Why once again
I have lost my chance to change
The beast within me
Spat straight to my face
It kind of makes sense, but it doesn’t really, and once Darek gets his mouth around it, it dissolves into garbage and I found this incredibly distracting throughout the review process. Having said that, I do now find myself singing along to the chorus of the title track, so it’s not all bad.
In conclusion, this is a troubling album to grade but on the whole, I can’t escape the feeling that Reset Your Soul is pretty standard fare within the progressive metal genre. If Animations are not pushing the envelope enough for my liking, they are certainly making it bulge in places and whilst they may not be reinventing the wheel, they’ve definitely got them on the cart and the cart is hurtling somewhere towards something. With such great musicianship and an excess of ideas, they really need to gel with their new vocal possibilities and make them as exciting as the other instruments. If you’re a prog metal aficionado, you’ll definitely want to check them out and partake of their development because the potential is evidently there for them to create a truly stunning album in the future. Reset Your Soul just isn’t it.
Conclusion: 6.5 out of 10
Ovale – Slalom
|Country of Origin:||France|
|Record Label:||Musea Records|
|Catalogue #:||GW 3125|
|Year of Release:||2009|
Tracklist: Dessert (2:13), L'A-Thlétisme (1:34), A (2:46), Remonte-Pente (2:39), Météore (4:30), Titre To Be Found Very Soon (4:13), Dodécaféiné (5:07), Biscouette-Trio (4:30), Calme Plat (6:08), Patin Sur Calme (0:50), XYZ (4:11), 3, 5, 7 Et 4 (5:42), Slalom (3:42), Le Fill (5:26)
Is it Prog? This is a common question while reviewing for DPRP. With Prog being such a broad church it often doesn’t matter whether it is or not due to the diverse tastes of many of our readers.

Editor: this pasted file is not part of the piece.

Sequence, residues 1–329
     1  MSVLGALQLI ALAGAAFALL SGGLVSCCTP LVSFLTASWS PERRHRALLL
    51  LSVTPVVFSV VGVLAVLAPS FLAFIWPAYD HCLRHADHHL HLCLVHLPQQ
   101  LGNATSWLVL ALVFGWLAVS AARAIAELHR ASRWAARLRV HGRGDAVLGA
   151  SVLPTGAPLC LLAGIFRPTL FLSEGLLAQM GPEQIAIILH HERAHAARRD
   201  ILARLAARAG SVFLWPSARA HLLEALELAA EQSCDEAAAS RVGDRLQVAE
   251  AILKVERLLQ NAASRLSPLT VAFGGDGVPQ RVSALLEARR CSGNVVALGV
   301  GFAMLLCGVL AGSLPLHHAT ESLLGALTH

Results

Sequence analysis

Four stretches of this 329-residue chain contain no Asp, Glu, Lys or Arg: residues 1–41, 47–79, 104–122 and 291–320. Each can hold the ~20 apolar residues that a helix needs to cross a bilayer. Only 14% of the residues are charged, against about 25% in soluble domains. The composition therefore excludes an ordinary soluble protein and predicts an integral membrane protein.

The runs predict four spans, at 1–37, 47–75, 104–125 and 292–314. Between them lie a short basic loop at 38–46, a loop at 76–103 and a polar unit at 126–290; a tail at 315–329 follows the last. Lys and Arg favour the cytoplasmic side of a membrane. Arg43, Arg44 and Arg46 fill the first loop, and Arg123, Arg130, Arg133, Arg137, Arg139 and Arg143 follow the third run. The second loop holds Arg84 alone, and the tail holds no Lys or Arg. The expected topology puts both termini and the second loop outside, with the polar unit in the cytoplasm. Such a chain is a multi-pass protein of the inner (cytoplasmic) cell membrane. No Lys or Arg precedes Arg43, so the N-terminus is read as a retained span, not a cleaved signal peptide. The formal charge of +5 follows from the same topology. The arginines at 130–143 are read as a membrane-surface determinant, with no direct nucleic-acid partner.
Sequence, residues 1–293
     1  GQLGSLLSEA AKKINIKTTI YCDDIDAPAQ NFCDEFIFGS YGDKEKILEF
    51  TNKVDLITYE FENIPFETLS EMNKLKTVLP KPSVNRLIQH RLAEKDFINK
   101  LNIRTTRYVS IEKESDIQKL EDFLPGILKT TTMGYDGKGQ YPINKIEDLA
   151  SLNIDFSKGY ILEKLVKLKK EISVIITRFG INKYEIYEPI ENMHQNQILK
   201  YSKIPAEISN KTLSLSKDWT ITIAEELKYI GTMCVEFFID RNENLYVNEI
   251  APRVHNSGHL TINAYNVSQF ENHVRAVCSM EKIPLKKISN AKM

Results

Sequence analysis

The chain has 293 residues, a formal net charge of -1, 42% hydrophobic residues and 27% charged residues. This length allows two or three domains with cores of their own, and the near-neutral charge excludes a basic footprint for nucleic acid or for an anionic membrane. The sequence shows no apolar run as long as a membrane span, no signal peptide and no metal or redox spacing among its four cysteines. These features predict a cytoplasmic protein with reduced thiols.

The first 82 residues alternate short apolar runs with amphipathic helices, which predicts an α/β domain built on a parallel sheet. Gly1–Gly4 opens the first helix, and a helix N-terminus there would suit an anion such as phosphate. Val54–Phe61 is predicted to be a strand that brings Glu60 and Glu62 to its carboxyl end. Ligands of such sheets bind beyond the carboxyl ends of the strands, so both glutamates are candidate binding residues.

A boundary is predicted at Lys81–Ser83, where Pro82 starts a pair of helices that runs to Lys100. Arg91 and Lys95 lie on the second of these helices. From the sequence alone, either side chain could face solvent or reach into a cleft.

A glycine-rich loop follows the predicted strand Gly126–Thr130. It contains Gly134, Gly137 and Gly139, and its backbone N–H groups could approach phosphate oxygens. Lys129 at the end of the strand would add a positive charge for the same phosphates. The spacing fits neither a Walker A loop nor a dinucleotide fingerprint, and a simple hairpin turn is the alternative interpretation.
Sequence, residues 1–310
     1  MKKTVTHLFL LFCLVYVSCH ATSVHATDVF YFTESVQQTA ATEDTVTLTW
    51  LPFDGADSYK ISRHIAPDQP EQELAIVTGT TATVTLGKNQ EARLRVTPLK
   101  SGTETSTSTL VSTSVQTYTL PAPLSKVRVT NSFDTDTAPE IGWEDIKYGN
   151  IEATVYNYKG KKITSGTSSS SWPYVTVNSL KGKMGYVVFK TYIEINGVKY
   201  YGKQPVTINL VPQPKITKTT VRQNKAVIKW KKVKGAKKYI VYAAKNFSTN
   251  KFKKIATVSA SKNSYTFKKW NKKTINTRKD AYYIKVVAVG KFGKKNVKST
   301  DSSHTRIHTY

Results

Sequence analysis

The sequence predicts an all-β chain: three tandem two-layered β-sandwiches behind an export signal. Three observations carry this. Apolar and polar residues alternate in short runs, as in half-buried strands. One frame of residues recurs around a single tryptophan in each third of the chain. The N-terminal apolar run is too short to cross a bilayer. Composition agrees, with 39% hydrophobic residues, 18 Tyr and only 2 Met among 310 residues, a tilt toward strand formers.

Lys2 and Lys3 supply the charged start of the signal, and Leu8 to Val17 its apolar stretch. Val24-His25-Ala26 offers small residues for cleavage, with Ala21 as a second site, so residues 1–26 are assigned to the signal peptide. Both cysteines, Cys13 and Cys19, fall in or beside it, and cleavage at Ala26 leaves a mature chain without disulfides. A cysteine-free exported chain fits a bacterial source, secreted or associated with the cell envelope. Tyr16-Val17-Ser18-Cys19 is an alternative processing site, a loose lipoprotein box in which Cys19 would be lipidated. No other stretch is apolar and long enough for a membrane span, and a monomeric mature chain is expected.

So what of Ovale? Formed in Strasbourg, France in 2001 they have played with varying line-ups and guests. Their instrumental mix of differing musical ways, mainly improvisational jazz and rock with other forms including Art House movie soundtracks, offer a fairly unique vision of what the band is about. Slalom is their first release.
The rhythm section of Vincent Posty (acoustic bass) and Pascal Gully (drums) also play with the John Zorn produced Zakarya and the rest of the group, Pierre Michel (sax), Jean Lucas (trombone) and Jean-Louis Marchand (clarinets), are experienced musicians with many recordings under their belts. Their music is predominantly acoustic Zorn-school influenced jazz so don't expect a high tune-quotient.
The improvisational feel becomes clear from the start with a quartet of brief pieces to acclimatise the listener before the real meat and potatoes of the album kicks in. The striking mix of instruments leads to an interesting listen and there is no question that the playing is top rank, all paying close attention to the others as is necessary for talented improvisational groups.
The music drifts through many areas but the warm acoustic sound is ever present. The upright bass is distinctive, often with a strummed feel, and the drumming sometimes minimalist and off-kilter. The winds sporadically offer melody but often go for a discordant approach that will be off-putting for many. There is a spot of funk in Dessert and an industrial feel to A with Sci-Fi atmospherics encroaching into Remonte-Pente. There are shrieking stabs of sax and lugubrious trombone here and there. Météore involves humming bass with stabs of brass in a menacing stew of jazz, improvisation and cop show music with the clarinet led mid-section having a more rock orientated approach.
Dodécaféiné features sinister winds with sweeping rhythm and tempo changes that suggest a Zappa/Varèse influence but loses its way with harsh stabs of sax in the improv. Some of the tracks don't really go anywhere and could (and should?) have been removed for the good of the listening experience. 3, 5, 7 et 4 comes in with an interesting stop/start rhythm before a VERY long improv section which builds to a cacophony. The title track fares better with call and response sax and bass, melancholic trombone solo and a driving, fugue-like finale